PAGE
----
There’s a sense in Rumi’s poems that he is at his emotional limits, simultaneously ecstatic and exhausted. His faith seems desperate, and almost tangible. Such devotion is striking because it’s inspired by God, not by the promise of sex as it sometimes appears in the translations. “He was the most important religious figure of his day,” says Jawid Mojaddedi, an Afghan-born Rumi scholar at Rutgers, whose translation of Book Two of Rumi’s Masnavi came out this month. “And yet people are shocked to find out Rumi was Muslim; they assume he must have spent his life persecuted for his beliefs, hiding in some cave in Afghanistan. We talk of clash of civilizations, and yet there’s this link that needs to be spelled out.” (Rumi’s success in America has actually boosted his popularity, Mojaddedi says, in parts of the Middle East.)
But for many readers, Rumi’s Persian background has little bearing on the force of his poems. He has come to embody a kind of free-for-all American spirituality that has as much to do with Walt Whitman as Muhammad. Rumi’s work has become so universal that it can mean anything; readers use the poems for recreational self-discovery, finding in the lines whatever they wish. “It’s impossible to take Rumi out of context,” says Shahram Shiva, a Rumi translator and performance poet who regularly gives readings of Rumi’s poems, often in yoga studios. “Great art doesn’t need context,” he says. “The best thing for Beethoven’s popularity was when they put a disco beat behind Symphony no. 5.” Shiva recites Rumi to the accompaniment of flute, piccolo, piano, conch shell, and harmonica and belts out the lines in a deep, sultry Broadway voice. “Rumi’s one of the great creative beings on this planet,” he says, “a mixture of Mozart and Francis [of] Assisi, with a little Galileo thrown in, and maybe some Shakespeare and Dante.”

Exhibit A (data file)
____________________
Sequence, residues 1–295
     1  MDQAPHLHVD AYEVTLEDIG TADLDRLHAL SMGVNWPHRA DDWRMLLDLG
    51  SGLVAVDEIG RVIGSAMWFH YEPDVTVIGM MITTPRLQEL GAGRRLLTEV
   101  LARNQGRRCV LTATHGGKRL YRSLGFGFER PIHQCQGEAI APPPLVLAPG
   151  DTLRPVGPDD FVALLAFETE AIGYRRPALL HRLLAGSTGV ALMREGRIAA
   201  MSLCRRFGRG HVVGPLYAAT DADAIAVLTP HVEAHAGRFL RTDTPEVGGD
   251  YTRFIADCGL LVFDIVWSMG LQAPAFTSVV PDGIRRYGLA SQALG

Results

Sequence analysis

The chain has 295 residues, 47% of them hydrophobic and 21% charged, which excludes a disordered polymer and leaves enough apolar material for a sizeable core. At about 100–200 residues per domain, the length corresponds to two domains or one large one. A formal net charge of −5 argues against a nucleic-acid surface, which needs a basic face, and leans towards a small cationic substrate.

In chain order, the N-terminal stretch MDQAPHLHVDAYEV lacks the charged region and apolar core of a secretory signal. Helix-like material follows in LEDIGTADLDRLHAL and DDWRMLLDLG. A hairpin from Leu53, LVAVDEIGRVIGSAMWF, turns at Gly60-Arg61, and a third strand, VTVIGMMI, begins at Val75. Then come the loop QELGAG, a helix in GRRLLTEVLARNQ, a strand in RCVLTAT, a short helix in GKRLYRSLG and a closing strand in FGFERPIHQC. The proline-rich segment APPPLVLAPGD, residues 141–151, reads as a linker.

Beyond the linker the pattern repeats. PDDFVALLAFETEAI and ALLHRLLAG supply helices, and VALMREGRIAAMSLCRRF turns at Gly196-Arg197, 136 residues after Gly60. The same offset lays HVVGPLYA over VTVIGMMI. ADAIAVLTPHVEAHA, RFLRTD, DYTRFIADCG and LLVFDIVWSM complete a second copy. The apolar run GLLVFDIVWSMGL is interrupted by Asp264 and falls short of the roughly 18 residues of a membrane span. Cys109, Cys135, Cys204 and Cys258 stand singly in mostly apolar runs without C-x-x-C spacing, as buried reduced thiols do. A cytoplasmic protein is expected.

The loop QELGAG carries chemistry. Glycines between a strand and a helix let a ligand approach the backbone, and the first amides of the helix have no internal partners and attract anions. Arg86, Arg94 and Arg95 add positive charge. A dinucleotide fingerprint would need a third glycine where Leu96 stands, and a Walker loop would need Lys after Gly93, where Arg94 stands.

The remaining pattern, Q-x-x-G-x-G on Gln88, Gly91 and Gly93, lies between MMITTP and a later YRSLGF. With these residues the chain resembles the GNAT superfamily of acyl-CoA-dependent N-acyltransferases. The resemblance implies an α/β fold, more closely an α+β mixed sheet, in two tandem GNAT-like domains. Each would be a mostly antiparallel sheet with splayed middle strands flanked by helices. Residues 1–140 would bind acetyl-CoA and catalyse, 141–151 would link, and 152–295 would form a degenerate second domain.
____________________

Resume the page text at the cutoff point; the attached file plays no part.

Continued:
In his most anthologized poems Rumi comes off as a saintly Tony Robbins, urging people to break barriers, stop worrying, touch the sky, make love, never surrender. It’s as if publishers worry that reading poetry is such a fragile enterprise that too much weight and context and not enough sex will scare everyone away. Helminski, who used to run a publishing company that put out Barks’s early books, noticed a consistent sensibility in the lines readers were requesting permission to quote: those suggesting that there’s no conventional morality, no such thing as ethical failure. The number one requested line was “Out beyond ideas of wrongdoing and rightdoing / there is a field. I’ll meet you there.” “Our culture is so shame-ridden that when someone comes along and says, ‘You’re OK,’ it’s a great relief,” says Helminski. “Americans still have an adolescent relationship with Rumi. It will take some maturing before we move beyond the clichés.”